It was interesting to hear Dixons’ chief executive Seb James say today that successful multichannel electrical retailing is like playing a three-card-trick.

It was interesting to hear Dixons’ chief executive Seb James say today that successful multichannel electrical retailing is like playing a three-card-trick.

But, in the light of today’s interim results, is Morrison’s playing the right cards to win in the equally competitive world of food retailing?

With like-for-likes under pressure and profits only about flat, even on an “underlying” basis, Morrison’s doesn’t look in great shape relative to its much-vaunted strategy of being “different and better than ever”.

Management protest that everything is bang on track and that the new-format stores are getting the right returns, but it is all rather like playing a game of pontoon and getting dealt only 14 when you really expected to get 21.

Should Morrison’s stick or should twist? Just carry on with the long-term strategy, or gamble and change course?

A recent visit to the revamped Morrisons store at Wincanton in Somerset, a former Safeway next to a new Lidl, rather reinforced the view that there is actually not much wrong with the strategy, despite Sir Ken’s strictures that “posh food is not the way”.

Morrisons aspires to offer “great fresh food at unrivalled value for money in an engaging shopping environment” and, by and large, that is what it now does in Wincanton, to the extent that even the most loyal Waitrose shopper (or Lidl shopper) would not walk out empty-handed.

Perhaps it is the tactics, together with the pace of execution and the communication, that are the problem and not the strategy. The food retail world is not standing still and Morrisons should have known, for example, that Asda’s Netto conversions would have impacted on 100 of its heartland stores while it was chasing growth south of St Albans. What it needs to do now is press on and pick up the pace of the so-called Fresh format store revamps and tweak customer perceptions.

It is always dangerous to neglect core shops while trying to perfect a new store concept and to allow customers to think that the new approach is drifting upmarket, so it is good to see that Morrisons has had the courage to be more forceful with in-store POS about the value message in revamped stores. And with 55 more store revamps in the second half, Morrisons will have 100 such stores by next spring, accounting for about 30% of total sales.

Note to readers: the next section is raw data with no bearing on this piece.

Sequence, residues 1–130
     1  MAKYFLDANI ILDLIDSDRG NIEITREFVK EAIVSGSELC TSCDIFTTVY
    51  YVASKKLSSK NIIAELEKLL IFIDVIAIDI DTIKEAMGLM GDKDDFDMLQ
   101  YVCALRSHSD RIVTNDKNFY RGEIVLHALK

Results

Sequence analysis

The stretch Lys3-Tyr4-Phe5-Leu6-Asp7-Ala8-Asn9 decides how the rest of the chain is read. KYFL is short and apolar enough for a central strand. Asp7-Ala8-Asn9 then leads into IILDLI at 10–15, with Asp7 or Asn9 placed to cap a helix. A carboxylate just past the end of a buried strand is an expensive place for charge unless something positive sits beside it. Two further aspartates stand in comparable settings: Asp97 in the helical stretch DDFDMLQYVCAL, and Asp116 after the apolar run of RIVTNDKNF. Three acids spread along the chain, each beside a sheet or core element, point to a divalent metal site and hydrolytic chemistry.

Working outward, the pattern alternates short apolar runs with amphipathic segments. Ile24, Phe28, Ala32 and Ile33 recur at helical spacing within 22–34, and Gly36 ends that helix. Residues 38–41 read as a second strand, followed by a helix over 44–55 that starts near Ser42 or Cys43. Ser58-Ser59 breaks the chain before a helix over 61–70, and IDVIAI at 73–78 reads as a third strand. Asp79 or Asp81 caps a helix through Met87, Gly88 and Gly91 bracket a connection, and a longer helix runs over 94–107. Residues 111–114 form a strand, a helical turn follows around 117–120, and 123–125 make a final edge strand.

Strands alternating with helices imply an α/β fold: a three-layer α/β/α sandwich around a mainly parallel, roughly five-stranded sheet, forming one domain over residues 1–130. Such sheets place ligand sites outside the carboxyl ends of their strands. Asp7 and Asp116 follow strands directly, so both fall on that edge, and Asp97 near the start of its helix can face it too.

What total sales will be in the second half, with food price inflation on the rise, is another matter. It is embarrassing for Morrisons to be bottom of the pack among the big four, in terms of like-for-likes, but the Asda Netto hit is now passing and management has much faith that the new punchy, if slightly confusing, Fuel Saver promotion with high street retailers gift cards will pull in new business. And Chris Tarrant has disappeared from the recently rather lame Morrison’s radio ads, so we must live in hope.

And thanks to marketing firm Catalina, Morrisons is now close to being able to imitate Sainsbury and others with customer-specific coupons at till, which should help to get it back in the game.

Without an online food or convenience store presence to speak of, Morrisons is playing with one arm tied behind its back and, without the customer data knowledge of Tesco and Sainsbury’s, is also playing with one card short.

But it would be wrong to write off Morrisons’ ability to get the top-line moving again, just as it would be wrong to underestimate its ability to underpin the bottom-line with operational cost savings and the benefits of its vertical integration in manufacturing.